In one of my most dastardly schemes yet, I convinced my mother to buy my father an ice cream maker as a Father’s Day present. Well, I convinced her to buy it (in my defense, it was a fantastic price for the model in question), she was the one who decided to make it a Father’s Day present. This is absurd mostly because my father is never going to make ice cream. But, as my mother pointed out, he’ll get to reap the benefits when we do. For me, this means I can make frozen treats when I’m here visiting. Score!
We stewed a little over what to make first and finally settled on raspberry sorbet. So today I was getting the batter ready (sorbet won’t be made till tomorrow since I neglected to tell my Mom it needed to be put in the freezer ahead of time). My father walked in and asked me what I was making and I told him. He asked me what sorbet was.
I managed not to laugh. I suppose it’s a valid question. Except that I know he’s had sorbet because I made him sorbet the last time they visited me. So I reminded him of that occasion, thinking it had slipped his mind. He said he remembered, but he still didn’t know what the heck it was.
At first that made the whole thing seem even more absurd until it occurred to me I’m sure he’s not alone. I’m fairly confident there are loads of people who eat foods every day without having the first idea what they’re eating. I know that there was a British study done about five years ago where they discovered that most school children had no concept of what animals their meat came from. (This perhaps says something about British cooking as well as modern ignorance) It’s horrible, but perhaps not unexpected. I know where my meat comes from, but I make a conscious effort not to think about that as I eat it.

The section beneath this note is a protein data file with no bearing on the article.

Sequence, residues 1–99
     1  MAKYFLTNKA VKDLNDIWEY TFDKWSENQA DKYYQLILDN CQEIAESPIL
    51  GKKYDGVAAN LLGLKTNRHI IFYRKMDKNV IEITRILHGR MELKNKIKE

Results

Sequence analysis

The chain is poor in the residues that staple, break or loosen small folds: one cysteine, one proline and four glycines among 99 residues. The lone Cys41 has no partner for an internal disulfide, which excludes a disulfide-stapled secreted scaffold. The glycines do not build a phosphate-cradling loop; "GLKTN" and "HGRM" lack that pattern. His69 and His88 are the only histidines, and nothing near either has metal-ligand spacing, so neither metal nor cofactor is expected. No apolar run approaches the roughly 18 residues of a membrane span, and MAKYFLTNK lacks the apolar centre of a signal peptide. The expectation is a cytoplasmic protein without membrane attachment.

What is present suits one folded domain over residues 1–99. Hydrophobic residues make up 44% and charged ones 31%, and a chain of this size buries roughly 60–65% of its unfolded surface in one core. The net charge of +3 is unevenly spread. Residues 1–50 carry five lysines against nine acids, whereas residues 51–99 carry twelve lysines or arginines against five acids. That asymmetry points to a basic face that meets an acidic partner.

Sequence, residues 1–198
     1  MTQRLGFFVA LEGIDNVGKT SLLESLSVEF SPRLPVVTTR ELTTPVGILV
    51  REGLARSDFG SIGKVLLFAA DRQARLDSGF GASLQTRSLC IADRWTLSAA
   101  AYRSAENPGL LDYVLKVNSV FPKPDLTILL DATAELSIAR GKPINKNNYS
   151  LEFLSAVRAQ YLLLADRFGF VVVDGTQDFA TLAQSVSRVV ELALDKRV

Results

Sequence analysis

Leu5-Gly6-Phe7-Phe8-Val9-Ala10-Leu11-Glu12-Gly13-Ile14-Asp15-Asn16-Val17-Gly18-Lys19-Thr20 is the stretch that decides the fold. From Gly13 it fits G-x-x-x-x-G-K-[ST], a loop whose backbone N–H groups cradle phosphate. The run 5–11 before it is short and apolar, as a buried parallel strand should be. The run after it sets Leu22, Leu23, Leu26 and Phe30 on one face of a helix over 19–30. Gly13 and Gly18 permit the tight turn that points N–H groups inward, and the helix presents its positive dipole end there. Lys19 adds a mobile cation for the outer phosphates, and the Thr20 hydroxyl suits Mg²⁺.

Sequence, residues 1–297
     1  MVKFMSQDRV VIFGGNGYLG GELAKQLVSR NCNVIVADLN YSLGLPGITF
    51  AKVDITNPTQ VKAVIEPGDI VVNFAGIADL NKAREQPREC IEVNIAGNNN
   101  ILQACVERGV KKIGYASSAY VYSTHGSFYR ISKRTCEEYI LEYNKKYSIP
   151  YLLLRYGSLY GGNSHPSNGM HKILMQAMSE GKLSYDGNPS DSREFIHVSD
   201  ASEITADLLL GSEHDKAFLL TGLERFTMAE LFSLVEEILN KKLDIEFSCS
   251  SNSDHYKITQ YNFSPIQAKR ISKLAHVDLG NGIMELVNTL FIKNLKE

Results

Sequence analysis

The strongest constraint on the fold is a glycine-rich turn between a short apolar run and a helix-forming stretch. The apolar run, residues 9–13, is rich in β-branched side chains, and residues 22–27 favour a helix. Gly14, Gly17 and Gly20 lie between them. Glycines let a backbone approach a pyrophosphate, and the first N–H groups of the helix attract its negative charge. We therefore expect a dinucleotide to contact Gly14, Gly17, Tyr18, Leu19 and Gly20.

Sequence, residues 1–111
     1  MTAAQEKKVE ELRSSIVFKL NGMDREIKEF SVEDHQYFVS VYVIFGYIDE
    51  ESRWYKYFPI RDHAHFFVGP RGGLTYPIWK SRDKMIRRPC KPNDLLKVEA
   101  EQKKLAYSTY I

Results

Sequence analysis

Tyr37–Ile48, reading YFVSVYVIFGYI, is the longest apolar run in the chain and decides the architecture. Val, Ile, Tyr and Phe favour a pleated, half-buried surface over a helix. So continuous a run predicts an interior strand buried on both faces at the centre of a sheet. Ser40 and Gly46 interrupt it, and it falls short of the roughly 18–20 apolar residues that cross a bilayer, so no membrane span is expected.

My father’s a farm boy, so he knows where his meat comes from. But that’s probably where his knowledge of food ends. He got married in college (where he lived in places that provided his meals) so aside from a two year stint in Korea for which my family did not join him the man has never been responsible for preparing his own meals. (And I suspect he ate out a LOT in Korea.) He’s a fairly typical man of his generation in that he does everything possible to stay out of the kitchen and therefore does not know what goes on in that mystical world. He once stated that he really loved my brownie recipe. Wanna know my brownie recipe? Buy Ghirardelli brownie mix. Follow directions on box. But I can give them to him and tell them they were from scratch and he’d never be the wiser. I could have probably just given him the sorbet and called it ice cream and he’d have never questioned why it didn’t seem creamy.
In 18th Century Virginia cooking was considered a life skill. Rich, poor, male, female, free slave all children were essentially kitchen staff. Everyone grew up watching food prepared until they gained a working knowledge of it. Enough that if responsible for their own meals, in a world with no instant prepared meals, they could do so. How many people today could say the same? I’m never one that advocates reverting to the old way of doing things except some times when it comes to food. Maybe we could pull the kids away from the game system and make them carry water in the kitchen for a while until they know sorbet from sherbet from ice cream.